University of Calgary

Neuroscience collection

September 23, 2010

Rare book collection unites neuroscience history and future

By Jordanna Heller

The Mackie Family History of Neuroscience Collection provides a unique resource at the University of Calgary that will be available to everyone including students, faculty and the public. The collection broadens the neuroscience educational experience; digitizing the collection enables people around the world to share in the resource.

"This collection will be an invaluable resource for neuroscience research and education at the Hotchkiss Brain Institute and related disciplines in the Faculties of Medicine, Science and Arts," says U of C President, Dr. Elizabeth Cannon. "It heightens the status of the University of Calgary as an international centre for neuroscience research and is an excellent addition to our library collection."

The collection includes an original copy of the 1953 Nature paper where Nobel winners James D. Watson and Francis Crick first described the discovery of the double helix structure of DNA. It also includes the rare first neurological text written in the 1600s by Thomas Willis, the man who coined the term neurology and is known as the 'father of neurology'. The collection is valued at approximately $600,000.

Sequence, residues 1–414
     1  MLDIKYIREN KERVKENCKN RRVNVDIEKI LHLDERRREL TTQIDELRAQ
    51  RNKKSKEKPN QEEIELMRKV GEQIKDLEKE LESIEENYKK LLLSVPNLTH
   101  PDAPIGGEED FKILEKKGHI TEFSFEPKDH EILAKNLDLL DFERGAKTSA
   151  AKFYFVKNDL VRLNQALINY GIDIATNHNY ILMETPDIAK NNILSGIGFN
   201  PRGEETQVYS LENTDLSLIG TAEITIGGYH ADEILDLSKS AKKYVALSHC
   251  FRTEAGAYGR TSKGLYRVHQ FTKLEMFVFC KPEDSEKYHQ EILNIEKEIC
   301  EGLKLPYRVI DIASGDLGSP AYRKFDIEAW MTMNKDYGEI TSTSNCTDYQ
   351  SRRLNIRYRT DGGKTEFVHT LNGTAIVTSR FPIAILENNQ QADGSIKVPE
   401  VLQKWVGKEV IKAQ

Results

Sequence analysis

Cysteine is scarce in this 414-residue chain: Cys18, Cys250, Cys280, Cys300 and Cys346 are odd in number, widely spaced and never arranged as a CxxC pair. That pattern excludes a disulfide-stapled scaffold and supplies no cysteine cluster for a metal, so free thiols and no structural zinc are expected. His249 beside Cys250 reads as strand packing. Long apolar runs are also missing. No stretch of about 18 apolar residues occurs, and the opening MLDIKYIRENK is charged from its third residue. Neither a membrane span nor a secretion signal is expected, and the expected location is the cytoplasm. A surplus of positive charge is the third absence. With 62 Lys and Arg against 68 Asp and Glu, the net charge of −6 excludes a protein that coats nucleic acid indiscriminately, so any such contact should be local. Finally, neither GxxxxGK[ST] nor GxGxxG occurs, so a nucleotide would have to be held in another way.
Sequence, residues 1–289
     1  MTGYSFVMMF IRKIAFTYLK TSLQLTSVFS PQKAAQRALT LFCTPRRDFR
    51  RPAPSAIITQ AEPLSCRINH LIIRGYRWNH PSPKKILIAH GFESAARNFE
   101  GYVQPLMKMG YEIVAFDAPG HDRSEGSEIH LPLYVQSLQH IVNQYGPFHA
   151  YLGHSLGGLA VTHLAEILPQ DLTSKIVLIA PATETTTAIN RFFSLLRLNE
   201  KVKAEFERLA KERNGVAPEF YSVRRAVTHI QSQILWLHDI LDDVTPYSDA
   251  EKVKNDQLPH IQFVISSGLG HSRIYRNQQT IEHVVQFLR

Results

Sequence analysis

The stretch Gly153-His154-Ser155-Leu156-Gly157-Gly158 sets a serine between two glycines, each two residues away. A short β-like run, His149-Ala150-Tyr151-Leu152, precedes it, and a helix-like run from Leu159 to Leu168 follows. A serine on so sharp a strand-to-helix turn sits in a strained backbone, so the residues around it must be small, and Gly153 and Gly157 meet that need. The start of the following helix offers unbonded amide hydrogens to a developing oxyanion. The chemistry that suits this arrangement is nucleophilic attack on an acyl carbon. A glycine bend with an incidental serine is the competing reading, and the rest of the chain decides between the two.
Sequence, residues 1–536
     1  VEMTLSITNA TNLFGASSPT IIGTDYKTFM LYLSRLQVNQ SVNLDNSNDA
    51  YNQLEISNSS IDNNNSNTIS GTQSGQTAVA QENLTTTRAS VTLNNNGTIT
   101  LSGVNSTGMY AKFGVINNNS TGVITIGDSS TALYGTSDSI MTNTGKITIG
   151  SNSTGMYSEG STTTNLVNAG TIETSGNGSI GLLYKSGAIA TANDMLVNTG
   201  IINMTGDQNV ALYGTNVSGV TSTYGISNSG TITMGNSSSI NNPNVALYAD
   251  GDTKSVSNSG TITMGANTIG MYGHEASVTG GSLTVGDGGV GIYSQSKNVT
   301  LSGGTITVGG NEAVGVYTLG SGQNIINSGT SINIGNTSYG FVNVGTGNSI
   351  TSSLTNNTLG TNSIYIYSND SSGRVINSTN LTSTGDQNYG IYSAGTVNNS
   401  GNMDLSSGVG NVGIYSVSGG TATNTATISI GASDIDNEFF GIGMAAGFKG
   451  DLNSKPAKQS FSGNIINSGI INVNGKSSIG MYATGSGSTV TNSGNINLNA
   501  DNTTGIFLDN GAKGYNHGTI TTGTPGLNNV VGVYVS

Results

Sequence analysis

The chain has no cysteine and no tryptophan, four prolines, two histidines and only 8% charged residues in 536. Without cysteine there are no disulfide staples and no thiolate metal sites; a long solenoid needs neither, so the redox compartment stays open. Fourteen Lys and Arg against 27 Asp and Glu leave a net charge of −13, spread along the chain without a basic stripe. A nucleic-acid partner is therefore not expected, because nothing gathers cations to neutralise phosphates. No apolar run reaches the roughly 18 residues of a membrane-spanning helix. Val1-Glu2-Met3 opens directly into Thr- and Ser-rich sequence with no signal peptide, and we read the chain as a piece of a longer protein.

Retired neurologist Dr. Robert Gordon, with one of 2,400 books from his neuroscience collection. Photo credit: Grady SemmensRetired neurologist Dr. Robert Gordon, with one of 2,400 books from his neuroscience collection. Photo credit: Grady SemmensStudents in the new Bachelor of Neuroscience program will immediately benefit from the collection. Vikram Karnik, a third-year student, is very excited about the collection. "For students like me with a passion for neuroscience, having these books on campus is like having a local version of the Louvre or the Met. They are that fascinating."

Dr. Robert Gordon is a retired neurologist who started the collection 40 years ago after acquiring a medical library from a distinguished physician. Gordon says he cannot think of a better place for the collection to be housed than the U of C, "with everything I know there is a very strong interest in the history of neurology, a very strong neurosciences department, there is the Hotchkiss Brain Institute. This is as wonderful a place to have a rare neurology book collection as anyplace in the world."


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